Today, NVIDIA is announcing the Shield tablet. While normally such launch announcements don’t require much in the way of exposition, NVIDIA is in an odd place. Last year, the Shield portable and Tegra Note 7 were the primary mobile devices shipping with Tegra 4.  In hindsight, the Shield portable was a bit too niche to ever reach mass adoption. It was first and foremost a gaming device, with a display attached to a controller as opposed to a controller attached to a display. The result was that while it was surprisingly good for gaming, it wasn’t the best tablet. It really only worked in landscape mode, the display size was relatively small (5 inches diagonal), and using the touchscreen was an awkward experience.

The Tegra Note 7 was NVIDIA’s attempt at competing in the mainstream tablet market. While the dual front facing speakers and stylus were good advantages over the Nexus 7, it wasn’t clearly better than the Nexus 7. The display was lower resolution, lower contrast, and not as well calibrated. The WiFi module only supported 2.4 GHz, and there was only a gigabyte of RAM. While it was possible to emulate a Shield-esque experience with the Note 7, there was no game streaming from PC to tablet due to the lack of 5 GHz WiFi, and the controllers on the market simply weren’t as good as the controller in Shield. In addition, because the Tegra Note 7 wasn’t directly controlled by NVIDIA the experience in software update speed could vary.

From the lens of past experience, the Shield tablet makes a lot of sense. The specs are right for a good tablet, but it’s also a proper Shield device. As a tablet, it has all the right pieces. A high resolution display, Tegra K1 (Cortex A15 variant), dual front facing speakers and bass reflex ports, a new stylus, 5 GHz WiFi, and a 5MP front facing camera. I’ve put a table of the specs below for easier reading.

SoC Tegra K1 (2.2 GHz 4x Cortex A15s)
RAM/NAND 2 GB DDR3L-1866, 16/32GB NAND + microSD
Display 8” 1920x1200 IPS LCD
Network 2G / 3G / 4G LTE (NVIDIA Icera i500 UE Category 3/4 LTE)
Dimensions 221 x 126 x 9.2mm, 390 grams
Camera 5MP rear camera, 1.4 µm pixels, 1/4" CMOS size. 5MP FFC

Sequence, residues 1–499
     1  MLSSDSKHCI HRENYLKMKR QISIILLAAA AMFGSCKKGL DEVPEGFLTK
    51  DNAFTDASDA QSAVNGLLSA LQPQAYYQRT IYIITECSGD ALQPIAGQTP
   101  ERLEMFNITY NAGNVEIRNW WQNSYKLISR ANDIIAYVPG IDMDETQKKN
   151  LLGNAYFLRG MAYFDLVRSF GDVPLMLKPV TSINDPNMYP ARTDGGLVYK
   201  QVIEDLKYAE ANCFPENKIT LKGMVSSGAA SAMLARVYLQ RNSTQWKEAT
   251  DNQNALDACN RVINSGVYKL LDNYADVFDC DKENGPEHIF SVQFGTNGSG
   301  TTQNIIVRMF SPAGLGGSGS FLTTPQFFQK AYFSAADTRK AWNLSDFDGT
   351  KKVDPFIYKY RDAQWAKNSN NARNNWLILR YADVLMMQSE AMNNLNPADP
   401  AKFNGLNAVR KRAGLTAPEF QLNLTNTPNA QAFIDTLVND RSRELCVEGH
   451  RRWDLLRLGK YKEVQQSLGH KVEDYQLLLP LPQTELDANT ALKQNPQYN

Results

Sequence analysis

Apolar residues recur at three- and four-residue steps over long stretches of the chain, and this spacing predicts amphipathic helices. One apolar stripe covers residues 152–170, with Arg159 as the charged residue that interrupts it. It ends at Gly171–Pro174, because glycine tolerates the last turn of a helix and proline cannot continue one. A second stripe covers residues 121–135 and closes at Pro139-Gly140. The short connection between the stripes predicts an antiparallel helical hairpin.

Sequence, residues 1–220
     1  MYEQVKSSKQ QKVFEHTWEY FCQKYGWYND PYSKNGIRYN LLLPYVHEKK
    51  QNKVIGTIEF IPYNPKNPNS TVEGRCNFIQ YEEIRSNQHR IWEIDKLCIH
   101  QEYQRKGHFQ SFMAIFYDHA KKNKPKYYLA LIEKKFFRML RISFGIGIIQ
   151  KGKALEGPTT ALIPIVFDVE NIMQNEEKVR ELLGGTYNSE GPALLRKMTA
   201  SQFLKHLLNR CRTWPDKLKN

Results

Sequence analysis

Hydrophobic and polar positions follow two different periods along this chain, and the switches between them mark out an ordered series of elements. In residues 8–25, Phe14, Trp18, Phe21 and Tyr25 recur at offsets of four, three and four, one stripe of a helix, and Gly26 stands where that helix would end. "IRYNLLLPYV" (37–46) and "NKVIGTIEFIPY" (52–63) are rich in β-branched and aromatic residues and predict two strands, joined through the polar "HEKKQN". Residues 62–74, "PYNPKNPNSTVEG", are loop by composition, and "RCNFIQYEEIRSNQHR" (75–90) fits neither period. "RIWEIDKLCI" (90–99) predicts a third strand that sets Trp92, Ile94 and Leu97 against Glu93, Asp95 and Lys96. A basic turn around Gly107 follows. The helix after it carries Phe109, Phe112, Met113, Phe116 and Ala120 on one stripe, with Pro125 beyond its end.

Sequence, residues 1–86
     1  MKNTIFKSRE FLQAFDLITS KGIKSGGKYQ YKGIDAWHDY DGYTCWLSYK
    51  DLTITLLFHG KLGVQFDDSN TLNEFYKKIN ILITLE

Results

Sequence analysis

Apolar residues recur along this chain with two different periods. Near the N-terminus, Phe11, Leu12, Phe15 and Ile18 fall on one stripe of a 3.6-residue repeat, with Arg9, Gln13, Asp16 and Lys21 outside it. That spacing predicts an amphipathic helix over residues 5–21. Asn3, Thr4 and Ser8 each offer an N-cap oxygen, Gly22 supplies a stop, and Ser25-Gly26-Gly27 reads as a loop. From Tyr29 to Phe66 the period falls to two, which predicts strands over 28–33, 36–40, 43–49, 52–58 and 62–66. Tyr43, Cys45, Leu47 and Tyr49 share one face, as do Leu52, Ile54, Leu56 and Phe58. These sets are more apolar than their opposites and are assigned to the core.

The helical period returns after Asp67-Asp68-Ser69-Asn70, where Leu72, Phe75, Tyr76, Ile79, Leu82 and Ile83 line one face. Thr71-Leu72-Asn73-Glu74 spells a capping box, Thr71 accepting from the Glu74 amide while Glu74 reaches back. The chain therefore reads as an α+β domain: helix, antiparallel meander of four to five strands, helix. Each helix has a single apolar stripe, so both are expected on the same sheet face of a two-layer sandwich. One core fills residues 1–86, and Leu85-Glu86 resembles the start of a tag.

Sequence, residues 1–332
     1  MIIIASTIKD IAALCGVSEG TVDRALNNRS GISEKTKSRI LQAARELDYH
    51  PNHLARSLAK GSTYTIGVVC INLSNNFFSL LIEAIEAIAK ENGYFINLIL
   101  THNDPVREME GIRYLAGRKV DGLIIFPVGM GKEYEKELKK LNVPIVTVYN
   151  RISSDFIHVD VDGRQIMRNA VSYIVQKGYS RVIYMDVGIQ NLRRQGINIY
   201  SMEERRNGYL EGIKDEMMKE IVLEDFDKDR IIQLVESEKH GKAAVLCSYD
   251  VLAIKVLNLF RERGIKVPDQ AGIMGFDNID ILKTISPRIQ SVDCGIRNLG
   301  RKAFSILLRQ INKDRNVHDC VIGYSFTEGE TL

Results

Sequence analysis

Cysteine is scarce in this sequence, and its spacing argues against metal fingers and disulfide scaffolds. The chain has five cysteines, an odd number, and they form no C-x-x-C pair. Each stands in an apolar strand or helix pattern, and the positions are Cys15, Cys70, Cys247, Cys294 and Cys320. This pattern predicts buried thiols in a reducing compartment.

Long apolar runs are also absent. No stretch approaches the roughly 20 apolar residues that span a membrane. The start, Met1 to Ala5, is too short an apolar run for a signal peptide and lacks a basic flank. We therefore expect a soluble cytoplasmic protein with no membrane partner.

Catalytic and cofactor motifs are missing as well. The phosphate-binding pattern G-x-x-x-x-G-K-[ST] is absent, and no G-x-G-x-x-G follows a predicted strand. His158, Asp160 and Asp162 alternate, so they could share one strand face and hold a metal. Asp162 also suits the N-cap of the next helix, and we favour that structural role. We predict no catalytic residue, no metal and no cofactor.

Battery 5197 mAh, 3.8V chemistry (19.75 Whr)
OS Android 4.4.2
Connectivity 2x2 802.11a/b/g/n + BT 4.0, USB2.0, GPS/GLONASS, mini HDMI 1.4a
SIM Size None or MicroSIM

In the stylus side, DirectStylus 2 is said to reduce the inking latency to half that of the implementation we saw in Tegra Note 7. In practice it seemed that the stylus latency was low and lines tracked closely to the stylus, but I’ll avoid final judgment until the review. NVIDIA also claims that there are more levels of pressure sensitivity, but it’s not quite clear how many levels there are. NVIDIA has also added handwriting recognition software, which worked relatively well in some casual testing. The Dabbler application also seems to provide a relatively realistic simulation of various physical mediums such as oil painting and watercolor, although it’s mostly targeted towards artists.

In addition to the stylus features, NVIDIA is advertising 1080p Netflix support. Normally, due to the DRM restrictions associated with high bitrate streaming, most Android devices only support low resolution streams. NVIDIA has done all of the necessary work to satisfy these DRM requirements, so it supports the highest bitrate available to mobile devices. Of course, this feature will be disabled with an unlocked bootloader, but it’s a good feature to have for mobile streaming.

Outside of tablet features, the gaming features seem to be quite compelling. The controllers themselves were comfortable, and were very similar to the Shield portable’s ergonomics. NVIDIA is emphasizing that these controllers connect over WiFi direct, and the frequency selected depends upon the network that is used. The result is much lower latency, and NVIDIA is also able to run a headset jack and microphone through the controller due to the higher bandwidth that WiFi provides. Up to four controllers can be paired to the Shield tablet for multiplayer games.